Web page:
Just a friendly message and some information and facts for you all. Planning permission was applied for and received by Planning on 18/08/2008 and validated on 01/09/2008. A decision was made on 27/10/2008 and Planning Permission was granted with 3 conditions. Those conditions have now been discharged. The details are free for all to see on the Council’s website – the application reference is A/08/71855. The application also involved the submission of a ‘design and access statement’ which was approved. Highways engineers were also given the opportunity to comment on the project and had no issues with access, etc. Planning requires notices to be published on site so that residents can have the opportunity to voice their opinions – subsequently those affected would have been made aware of the proposed development.
The original garden – according to old OS maps and other research, appears to have been built in the late 1920s to mid 30s. The strict HLF funding criteria was adhered to and the layout is typical of the period. There will also be decorative steel panels integrated into the railings which will sit on top of the wall. These will reflect local history and heritage. The final stage of the garden will be the planting of many species of flowering shrubs and trees. It is anticipated that the site will become part of a heritage/art trail and will prove a valuable education resource. The design follows the original footprint as true as possible but with minor compromises to conform to current legislation, etc. The final details of the design were by local consultation, advice and consensus.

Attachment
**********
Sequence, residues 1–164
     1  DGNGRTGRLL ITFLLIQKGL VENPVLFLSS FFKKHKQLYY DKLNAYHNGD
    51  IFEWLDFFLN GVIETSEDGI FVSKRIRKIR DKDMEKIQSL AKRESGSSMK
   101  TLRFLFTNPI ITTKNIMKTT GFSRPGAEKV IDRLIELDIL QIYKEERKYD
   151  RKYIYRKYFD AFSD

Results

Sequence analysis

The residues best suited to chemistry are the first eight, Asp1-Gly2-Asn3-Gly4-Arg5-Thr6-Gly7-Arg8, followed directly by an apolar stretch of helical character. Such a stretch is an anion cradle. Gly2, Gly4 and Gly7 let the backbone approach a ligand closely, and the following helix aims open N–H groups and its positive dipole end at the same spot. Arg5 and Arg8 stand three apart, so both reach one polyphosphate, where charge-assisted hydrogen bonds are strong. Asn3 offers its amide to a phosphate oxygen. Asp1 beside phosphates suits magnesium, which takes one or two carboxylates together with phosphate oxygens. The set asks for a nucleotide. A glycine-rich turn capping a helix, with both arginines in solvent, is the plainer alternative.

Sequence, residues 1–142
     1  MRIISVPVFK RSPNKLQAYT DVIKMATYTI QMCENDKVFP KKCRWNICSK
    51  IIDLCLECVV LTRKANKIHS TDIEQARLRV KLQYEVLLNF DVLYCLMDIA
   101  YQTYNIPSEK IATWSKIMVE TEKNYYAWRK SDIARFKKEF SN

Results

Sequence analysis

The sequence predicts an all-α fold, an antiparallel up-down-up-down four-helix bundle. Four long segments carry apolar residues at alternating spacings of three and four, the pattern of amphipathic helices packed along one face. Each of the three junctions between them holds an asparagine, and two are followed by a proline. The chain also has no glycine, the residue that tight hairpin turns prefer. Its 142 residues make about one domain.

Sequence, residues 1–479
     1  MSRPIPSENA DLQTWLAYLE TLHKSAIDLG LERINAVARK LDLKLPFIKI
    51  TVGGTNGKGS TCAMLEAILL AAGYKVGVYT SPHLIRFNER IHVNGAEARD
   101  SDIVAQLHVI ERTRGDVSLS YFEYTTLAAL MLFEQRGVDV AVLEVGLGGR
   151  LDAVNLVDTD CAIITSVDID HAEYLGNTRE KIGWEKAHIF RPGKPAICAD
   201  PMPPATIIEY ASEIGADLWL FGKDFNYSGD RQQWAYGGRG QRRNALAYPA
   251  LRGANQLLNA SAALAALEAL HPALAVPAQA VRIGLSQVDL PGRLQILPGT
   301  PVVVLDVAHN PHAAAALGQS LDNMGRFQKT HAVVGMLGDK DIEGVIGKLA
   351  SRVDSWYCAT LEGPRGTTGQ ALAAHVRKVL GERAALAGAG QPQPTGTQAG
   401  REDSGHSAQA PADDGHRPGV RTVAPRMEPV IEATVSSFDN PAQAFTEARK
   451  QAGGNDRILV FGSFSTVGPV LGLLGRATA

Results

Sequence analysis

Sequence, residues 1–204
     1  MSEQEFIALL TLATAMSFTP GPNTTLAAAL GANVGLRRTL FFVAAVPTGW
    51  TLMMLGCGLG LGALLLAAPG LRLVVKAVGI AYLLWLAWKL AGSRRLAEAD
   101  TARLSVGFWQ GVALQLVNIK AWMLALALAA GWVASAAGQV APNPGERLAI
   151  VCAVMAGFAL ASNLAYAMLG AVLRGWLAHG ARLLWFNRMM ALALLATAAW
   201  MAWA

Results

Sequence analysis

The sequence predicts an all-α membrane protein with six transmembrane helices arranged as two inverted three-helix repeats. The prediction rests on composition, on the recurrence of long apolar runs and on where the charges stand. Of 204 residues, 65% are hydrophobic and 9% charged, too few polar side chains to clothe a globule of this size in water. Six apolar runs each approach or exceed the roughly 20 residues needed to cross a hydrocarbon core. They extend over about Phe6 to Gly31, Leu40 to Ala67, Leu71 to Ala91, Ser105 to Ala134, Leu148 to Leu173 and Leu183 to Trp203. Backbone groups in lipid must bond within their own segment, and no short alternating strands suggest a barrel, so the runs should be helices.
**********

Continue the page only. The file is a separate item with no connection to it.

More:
In addressing the definition of garden; it originates from an Old Persian name which was then adopted by the Greeks as Paradeisos (Paradise) which defined a pleasure ground - a plot enclosed by walls; inside which plants were grown. These early gardens contained seating to relax, paving to walk around the plot and many species of flowering plants and trees. The old council records describe the original Stubshaw garden as a ‘rest garden’ – indeed there were a few throughout the Borough. The Council records also show that there was only hardstanding and shrubs/trees in the garden – grass was never on the maintenance inventory.
This is just information and is not intended as bias to anyone’s argument. There is a lot of passion here and I don’t intend to be drawn into debate. The garden will not be to everyone’s taste – each individual has their own imprinted vision of what a garden should look like. I wish you all well.